New Zealand

In 2014-2015, Amsterdam & Partners LLP acted on behalf of the New Zealand-based Internet entrepreneur Kim Dotcom, who is facing an extradition case to the United States based on his ownership of the former website Megaupload.

As argued in a White Paper authored by Amsterdam & Partners LLP, the US Department of Justice has no basis to bring this claim against Mr. Dotcom, a German-Finnish national who has never been visited the United States and has never done business in the country.

The criminal prosecution of Megaupload and Kim Dotcom is purportedly the “largest copyright case in history,” involving tens of millions of users around the world, and yet it is founded on highly dubious legal principles and apparently propelled by the White House’s desire to mollify the motion picture industry in exchange for campaign contributions and political support.

The U.S. government’s case against Megaupload is grounded in a theory of criminal secondary copyright infringement. In other words, the prosecution seeks to hold Megaupload and its executives criminally responsible for alleged infringement by the company’s third-party cloud storage users. The problem with the theory, however, is that secondary copyright infringement is not – nor has it ever been – a crime in the United States.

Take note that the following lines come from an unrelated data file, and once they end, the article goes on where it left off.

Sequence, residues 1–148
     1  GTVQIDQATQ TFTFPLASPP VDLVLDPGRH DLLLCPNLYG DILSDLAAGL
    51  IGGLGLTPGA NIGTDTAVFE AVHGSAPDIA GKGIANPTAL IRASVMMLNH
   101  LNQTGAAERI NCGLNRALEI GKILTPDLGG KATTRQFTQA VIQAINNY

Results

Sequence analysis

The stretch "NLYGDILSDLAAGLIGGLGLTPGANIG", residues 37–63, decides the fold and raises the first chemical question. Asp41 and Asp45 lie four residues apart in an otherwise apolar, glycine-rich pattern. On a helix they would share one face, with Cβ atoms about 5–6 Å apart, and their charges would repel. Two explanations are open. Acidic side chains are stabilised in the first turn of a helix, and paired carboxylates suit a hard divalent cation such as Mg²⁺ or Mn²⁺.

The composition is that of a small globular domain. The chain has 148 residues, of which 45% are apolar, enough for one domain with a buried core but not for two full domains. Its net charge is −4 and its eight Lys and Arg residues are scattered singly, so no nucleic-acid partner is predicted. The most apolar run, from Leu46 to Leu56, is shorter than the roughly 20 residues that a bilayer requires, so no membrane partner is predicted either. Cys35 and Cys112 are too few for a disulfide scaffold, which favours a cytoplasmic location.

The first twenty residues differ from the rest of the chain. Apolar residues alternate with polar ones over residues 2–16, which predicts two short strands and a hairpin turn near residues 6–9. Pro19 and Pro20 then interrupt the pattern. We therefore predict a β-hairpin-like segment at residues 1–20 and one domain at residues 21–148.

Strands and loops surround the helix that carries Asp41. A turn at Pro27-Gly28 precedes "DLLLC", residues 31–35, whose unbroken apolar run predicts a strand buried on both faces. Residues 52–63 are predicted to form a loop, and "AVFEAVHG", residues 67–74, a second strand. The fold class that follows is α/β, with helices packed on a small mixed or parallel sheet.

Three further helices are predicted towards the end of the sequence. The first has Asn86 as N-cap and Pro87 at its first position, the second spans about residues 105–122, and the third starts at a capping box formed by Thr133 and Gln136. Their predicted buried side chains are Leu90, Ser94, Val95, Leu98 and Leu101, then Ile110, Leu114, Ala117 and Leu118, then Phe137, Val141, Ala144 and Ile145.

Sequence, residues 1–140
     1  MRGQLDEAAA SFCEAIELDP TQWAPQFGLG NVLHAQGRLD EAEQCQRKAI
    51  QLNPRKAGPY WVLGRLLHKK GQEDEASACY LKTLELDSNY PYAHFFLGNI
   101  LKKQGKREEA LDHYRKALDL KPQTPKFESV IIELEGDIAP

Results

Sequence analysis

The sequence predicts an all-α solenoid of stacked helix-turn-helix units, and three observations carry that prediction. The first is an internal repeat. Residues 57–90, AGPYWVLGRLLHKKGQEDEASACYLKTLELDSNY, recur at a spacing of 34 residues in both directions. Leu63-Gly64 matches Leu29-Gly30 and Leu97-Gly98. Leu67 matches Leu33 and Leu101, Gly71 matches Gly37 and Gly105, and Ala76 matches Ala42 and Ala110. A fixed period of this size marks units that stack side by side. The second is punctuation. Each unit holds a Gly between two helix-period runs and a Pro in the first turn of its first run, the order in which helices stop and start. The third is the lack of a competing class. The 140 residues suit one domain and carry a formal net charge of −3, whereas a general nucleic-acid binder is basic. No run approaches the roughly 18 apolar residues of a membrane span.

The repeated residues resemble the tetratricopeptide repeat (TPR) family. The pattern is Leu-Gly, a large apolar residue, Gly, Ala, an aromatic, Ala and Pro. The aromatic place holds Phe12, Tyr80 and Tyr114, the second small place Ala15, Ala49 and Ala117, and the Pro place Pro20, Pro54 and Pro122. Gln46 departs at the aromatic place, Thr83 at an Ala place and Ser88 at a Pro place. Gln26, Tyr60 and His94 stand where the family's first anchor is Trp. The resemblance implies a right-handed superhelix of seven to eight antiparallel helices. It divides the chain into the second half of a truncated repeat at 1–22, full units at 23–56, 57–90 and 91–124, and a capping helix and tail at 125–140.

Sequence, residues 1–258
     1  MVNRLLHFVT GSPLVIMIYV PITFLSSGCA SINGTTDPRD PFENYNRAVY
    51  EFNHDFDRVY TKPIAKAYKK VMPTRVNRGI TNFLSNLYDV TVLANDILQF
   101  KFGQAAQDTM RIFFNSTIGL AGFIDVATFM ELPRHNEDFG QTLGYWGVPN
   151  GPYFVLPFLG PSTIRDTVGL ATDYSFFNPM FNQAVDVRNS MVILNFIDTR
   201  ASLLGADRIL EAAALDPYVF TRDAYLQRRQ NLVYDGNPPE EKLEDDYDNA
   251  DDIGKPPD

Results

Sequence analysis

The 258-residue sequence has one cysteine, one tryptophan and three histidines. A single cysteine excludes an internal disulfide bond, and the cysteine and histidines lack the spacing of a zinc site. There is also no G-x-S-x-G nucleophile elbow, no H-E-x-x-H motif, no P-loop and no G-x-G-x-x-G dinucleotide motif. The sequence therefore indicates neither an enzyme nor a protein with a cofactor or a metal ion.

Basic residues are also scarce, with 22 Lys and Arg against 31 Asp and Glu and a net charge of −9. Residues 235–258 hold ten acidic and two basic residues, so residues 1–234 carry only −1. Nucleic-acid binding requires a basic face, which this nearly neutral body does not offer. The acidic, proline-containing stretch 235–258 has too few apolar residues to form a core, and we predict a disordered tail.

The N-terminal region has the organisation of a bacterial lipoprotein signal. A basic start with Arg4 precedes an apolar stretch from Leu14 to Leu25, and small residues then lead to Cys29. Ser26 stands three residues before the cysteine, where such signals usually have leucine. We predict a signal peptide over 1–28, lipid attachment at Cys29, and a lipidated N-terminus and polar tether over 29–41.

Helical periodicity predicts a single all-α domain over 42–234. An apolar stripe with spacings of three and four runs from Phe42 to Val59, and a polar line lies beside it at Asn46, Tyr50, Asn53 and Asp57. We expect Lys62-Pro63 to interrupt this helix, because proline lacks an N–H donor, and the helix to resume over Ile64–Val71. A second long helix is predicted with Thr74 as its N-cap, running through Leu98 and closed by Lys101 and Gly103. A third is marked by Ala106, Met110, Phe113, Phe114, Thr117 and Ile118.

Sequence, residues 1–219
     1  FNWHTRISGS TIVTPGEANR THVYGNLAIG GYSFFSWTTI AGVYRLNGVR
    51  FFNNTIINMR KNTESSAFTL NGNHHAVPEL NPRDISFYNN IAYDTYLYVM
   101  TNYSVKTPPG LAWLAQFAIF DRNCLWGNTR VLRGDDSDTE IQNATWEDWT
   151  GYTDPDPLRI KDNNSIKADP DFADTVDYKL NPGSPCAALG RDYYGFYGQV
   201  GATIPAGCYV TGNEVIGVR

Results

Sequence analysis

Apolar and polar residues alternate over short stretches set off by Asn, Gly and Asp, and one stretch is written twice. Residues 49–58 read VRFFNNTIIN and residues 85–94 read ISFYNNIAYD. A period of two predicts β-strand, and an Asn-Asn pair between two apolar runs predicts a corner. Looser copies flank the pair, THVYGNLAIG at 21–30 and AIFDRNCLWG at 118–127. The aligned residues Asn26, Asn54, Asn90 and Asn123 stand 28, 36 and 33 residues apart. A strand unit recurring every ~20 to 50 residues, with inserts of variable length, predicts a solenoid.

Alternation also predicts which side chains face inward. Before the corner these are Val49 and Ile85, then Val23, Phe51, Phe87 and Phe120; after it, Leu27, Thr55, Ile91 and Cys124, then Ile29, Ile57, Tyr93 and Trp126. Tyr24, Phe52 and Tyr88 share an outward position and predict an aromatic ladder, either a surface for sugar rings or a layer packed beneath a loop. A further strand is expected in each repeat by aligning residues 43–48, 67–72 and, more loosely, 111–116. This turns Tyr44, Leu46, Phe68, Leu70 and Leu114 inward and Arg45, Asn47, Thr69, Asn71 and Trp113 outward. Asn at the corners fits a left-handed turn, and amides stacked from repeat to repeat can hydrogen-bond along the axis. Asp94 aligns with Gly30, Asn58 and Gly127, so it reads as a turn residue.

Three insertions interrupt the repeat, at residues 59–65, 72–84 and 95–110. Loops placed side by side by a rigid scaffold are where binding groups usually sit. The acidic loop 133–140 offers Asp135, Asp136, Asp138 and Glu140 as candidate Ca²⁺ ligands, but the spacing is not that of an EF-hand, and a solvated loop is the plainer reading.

The federal courts lack any power to criminalize secondary copyright infringement; the U.S. Congress alone has such authority, and it has not done so. As such, the Megaupload prosecution is not only baseless, it is unprecedented. Although the U.S. government has previously shut down foreign websites engaged in direct infringement, such as the sale or distribution of infringing material, never before has it brought criminal charges against a cloud file storage service because of the conduct of its users. Thus, the Megaupload case is the first time the government has taken down a foreign website – destroying the company and seizing all of the assets of its owners (and the data of its users), without so much as a hearing – based on a crime that does not exist.

Read the White Paper in full below: